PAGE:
North America's free culture crusaders have been very busy lately trying to disrupt the progress of two international trade agreements, the Anti-Counterfeiting Trade Agreement (ACTA) and the Trans-Pacific Partnership (TPP). Why does free culture hate these agreements? Because they contain provisions for the protection of intellectual property and copyright across borders. Protecting copyright and free culture don't mix.
Free culture lobbyists have been attacking international IP protection since long before the recent SOPA/PIPA "consumer protest" organized by Silicon Valley. The Berne Convention of 1886, the WIPO Copyright Treaty (WCT) of 1996, and the WIPO Performances and Phonograms Treaty (WPPT) (also 1996) are all regular targets of the philosophy of free. The smaller the organized international consensus on copyright, obviously, the better things are for the anarchistic nature state that favours Google and other so-called "fair use" businesses that like to monetize other people's work. Therefore, disrupting international agreements is key to the free culture model.
So, for the past year or so we've seen Michael Geist et al ramp up what is now a very recognizable populist campaign of panic against the trade talks. ACTA and TPP will, of course, break the Internet and lock us all into some sort of corporate slavery... or something like that. The inflammatory rhetoric about lack of transparency, the encouraging of ill-informed street protests, the exaggeration of the overall level of concern. We've seen it all before, and what it boils down to is disruption of process for democratically elected governments.
Fair enough. Nobody said democracy was neat and tidy, and everyone has the right to protest.
Everyone... even Jeffrey T. Spaulding, the character played by Groucho Marx in the 1930 film classic, Animal Crackers.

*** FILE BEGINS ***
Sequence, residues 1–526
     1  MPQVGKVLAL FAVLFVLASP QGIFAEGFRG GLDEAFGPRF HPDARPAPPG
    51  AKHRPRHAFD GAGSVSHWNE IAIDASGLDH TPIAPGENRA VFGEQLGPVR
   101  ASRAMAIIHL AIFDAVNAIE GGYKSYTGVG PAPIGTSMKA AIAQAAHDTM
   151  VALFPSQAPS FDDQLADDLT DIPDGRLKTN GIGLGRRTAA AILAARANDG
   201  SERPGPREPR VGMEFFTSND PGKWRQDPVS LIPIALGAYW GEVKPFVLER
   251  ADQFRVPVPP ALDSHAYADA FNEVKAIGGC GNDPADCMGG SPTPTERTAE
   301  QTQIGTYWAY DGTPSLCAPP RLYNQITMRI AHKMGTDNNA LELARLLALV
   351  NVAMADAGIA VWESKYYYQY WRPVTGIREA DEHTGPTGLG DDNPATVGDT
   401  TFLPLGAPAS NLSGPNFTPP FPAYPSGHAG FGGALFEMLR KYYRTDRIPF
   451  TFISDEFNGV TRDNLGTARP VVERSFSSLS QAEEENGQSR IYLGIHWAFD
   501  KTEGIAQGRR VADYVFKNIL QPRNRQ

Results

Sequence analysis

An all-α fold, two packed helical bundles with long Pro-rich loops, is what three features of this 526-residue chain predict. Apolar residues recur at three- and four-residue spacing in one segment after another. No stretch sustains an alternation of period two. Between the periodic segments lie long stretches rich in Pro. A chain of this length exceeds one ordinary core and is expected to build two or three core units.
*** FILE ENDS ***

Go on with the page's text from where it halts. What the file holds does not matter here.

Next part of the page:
At least, I think that's Groucho listed at the bottom of a recent open letter to United States Trade Representative Ron Kirk, protesting the Trans-Pacific Partnership process.
I was directed to this open letter through a nasty article on the blog TechDirt, which as far as I can tell really, really does not like anyone who likes copyright. I read the open letter and took a quick survey of the signatories. Now, I'm not the world's greatest Marx brothers fan, but I did teach my kids to do Harpo and Groucho's mirror routine from Duck Soup when they were, like, five years old. Could there really be a Professor Jeffrey T. Spaulding at the Claude W. Pettit College of Law at Ohio Northern University? Well... no, there couldn't be, and there isn't. That's "Professor" Spaulding in the film still at the top of this posting, at a faculty brunch with two colleagues.
I guess free culture doesn't require actual, non-fictional, existence for participation in their authoritative open-letter campaigns. I wonder if Prof. Rufus T. Firefly will sign on next?
Thanks to Paramount Pictures and Universal Studios for the Marx Brothers image.
UPDATE (Friday, May 11): Groucho has been kicked out of the free culture movement for pranksterism and expressing opinions not in line with the principles of free culture. His character name has been removed from the open letter. He has not been seen since.